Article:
Maternal and peri-ovulatory nutritional effects on the expression of the Inverdale (FecX1) fecundity gene in texel X Scottish hillbreed sheepAlink, Frances. January 2009 (has links)
Thesis (Ph.D.)--Aberdeen University, 2009. / Title from web page (viewed on June 26, 2009). Includes bibliographical references.
Maternal and peri-ovulatory nutritional effects on the expression of the Inverdale (FecX1) fecundity gene in texel X Scottish hillbreed sheepAlink, Frances January 2009 (has links)
Experiments were carried out to test the effects of maternal nutrition (0.5 versus 1.0 x maintenance) during early foetal life and peri-ovulatory nutrition on the reproductive performance and associated parameters of Scottish hillbreeds (North Country Cheviot and Scottish Blackface) crossed with Texel sires carrying or not carrying the X-linked Inverdale (<i>FecX<sup>I</sup></i>) gene. Undernutrition of the dam resulted in reduced birthweights of single male lambs, reduced plasma progesterone concentrations of ewe lambs and a tendency for reduced ovulation rates in ewe lambs and shearlings (non-carriers) but litter size was not affected. Heterozygous carriers of the Inverdale gene showed a mean increase in ovulation rate of approximately 0.35 as ewe lambs, and approximately 0.65 the following year, the latter resulting in a mean litter size increase of approximately 0.6. Plasma progesterone concentrations were lower for <i>FecX<sup>I</sup></i> gene-carriers as ewe lambs and also as adults in a flock that had been flushed prior to mating, suggesting that the increased feed intake could have had a suppressing effect on the concentrations of this hormone. It is postulated that this could have resulted in the large number of peri-natal losses associated with gene-carrier ewes in the same flock, since neonatal vigour of offspring of gene-carriers was not affected in the SAC experimental flock that had not been flushed pre-mating. Presence of the <i>FecX<sup>I</sup></i> gene is associated with a reduction in birthweight of approximately 0.5 kg which could be due to the reduced placental efficiency of gene-carrier dams. At puberty and as shearlings gene-carriers remained lighter than their non-carrier counterparts. Throughout the shearling breeding season the increase in ovulation rate associated with this prolificacy gene remained constant.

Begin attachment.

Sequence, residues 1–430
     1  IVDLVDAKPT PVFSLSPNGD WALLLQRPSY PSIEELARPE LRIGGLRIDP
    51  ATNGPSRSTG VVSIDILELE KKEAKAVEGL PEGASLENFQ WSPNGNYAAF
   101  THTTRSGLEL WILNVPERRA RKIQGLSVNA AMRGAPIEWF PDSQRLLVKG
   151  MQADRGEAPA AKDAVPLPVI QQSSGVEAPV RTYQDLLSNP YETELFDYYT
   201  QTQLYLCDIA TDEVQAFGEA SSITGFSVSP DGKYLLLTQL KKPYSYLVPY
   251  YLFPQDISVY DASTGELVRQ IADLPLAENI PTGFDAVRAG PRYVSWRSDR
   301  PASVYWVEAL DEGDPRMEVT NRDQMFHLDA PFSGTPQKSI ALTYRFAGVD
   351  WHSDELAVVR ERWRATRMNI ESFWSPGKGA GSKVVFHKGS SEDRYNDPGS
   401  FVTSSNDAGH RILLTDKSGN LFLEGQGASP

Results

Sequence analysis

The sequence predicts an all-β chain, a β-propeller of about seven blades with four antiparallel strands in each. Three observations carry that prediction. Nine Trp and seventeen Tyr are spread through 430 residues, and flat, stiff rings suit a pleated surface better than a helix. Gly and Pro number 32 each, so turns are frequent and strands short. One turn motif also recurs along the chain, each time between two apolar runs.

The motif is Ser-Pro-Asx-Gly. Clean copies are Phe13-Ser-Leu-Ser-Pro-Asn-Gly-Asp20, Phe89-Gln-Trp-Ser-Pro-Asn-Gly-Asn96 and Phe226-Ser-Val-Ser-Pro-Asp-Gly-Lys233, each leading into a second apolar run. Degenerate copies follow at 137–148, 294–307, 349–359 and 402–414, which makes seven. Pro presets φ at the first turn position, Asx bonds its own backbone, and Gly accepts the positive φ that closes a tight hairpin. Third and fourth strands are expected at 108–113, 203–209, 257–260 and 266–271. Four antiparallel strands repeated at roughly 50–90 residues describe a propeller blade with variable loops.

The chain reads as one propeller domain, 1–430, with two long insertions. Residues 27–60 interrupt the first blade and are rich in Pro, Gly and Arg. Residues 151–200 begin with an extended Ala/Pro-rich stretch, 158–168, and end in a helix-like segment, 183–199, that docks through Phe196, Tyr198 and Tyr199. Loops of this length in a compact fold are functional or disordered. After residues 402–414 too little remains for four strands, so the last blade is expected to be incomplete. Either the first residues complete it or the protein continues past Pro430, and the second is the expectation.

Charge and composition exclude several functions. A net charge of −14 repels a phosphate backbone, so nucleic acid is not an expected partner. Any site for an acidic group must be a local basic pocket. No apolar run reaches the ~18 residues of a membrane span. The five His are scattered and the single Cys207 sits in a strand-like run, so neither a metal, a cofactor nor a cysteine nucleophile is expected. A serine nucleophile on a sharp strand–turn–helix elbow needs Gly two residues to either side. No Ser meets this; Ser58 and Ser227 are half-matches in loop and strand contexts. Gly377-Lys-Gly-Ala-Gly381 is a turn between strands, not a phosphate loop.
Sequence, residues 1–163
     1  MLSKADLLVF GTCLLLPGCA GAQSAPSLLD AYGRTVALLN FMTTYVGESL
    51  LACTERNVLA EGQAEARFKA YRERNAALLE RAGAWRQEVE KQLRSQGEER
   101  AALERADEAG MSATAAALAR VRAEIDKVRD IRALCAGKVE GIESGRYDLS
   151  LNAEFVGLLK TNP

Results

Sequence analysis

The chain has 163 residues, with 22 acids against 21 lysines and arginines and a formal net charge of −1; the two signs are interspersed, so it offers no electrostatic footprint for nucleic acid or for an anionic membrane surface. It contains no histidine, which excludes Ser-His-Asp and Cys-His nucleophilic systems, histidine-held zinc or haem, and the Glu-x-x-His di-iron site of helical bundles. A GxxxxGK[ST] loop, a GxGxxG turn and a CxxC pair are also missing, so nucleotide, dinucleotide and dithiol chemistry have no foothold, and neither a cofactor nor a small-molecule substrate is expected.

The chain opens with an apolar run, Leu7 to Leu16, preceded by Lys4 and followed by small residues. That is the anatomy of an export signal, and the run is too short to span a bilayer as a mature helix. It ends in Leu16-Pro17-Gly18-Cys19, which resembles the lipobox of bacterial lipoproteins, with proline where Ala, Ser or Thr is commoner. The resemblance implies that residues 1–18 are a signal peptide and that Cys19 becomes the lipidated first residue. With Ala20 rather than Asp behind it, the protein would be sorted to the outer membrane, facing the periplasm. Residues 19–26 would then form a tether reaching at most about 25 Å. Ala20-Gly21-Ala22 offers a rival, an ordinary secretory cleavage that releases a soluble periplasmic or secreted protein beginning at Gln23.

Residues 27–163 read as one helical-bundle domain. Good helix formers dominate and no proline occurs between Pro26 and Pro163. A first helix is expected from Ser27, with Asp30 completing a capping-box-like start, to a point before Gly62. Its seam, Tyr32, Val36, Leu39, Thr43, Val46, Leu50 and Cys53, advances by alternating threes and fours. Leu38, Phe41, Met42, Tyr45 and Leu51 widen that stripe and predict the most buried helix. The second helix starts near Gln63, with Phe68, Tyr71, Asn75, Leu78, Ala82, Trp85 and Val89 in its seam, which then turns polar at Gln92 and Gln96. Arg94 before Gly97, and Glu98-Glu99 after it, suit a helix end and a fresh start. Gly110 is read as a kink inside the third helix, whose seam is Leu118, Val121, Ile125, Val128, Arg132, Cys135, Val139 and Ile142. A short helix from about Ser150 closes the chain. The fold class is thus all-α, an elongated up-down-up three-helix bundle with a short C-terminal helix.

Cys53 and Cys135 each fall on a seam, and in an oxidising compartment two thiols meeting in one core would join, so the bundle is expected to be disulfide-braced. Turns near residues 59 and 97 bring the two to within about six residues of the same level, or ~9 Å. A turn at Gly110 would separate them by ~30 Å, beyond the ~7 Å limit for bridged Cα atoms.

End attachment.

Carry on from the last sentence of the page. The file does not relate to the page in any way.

Quigley, Simon Paul
"March 2004" / Bibliography: leaves R1-24 / xix, 209 p., A54, R24 leaves : ill. (some col.) ; 30 cm. / Title page, contents and abstract only. The complete thesis in print form is available from the University Library. / "This thesis describes two models developed to investigate the effect of maternal feed intake on muscle cellularity and myogenic gene expression of fetal sheep." --p. vi.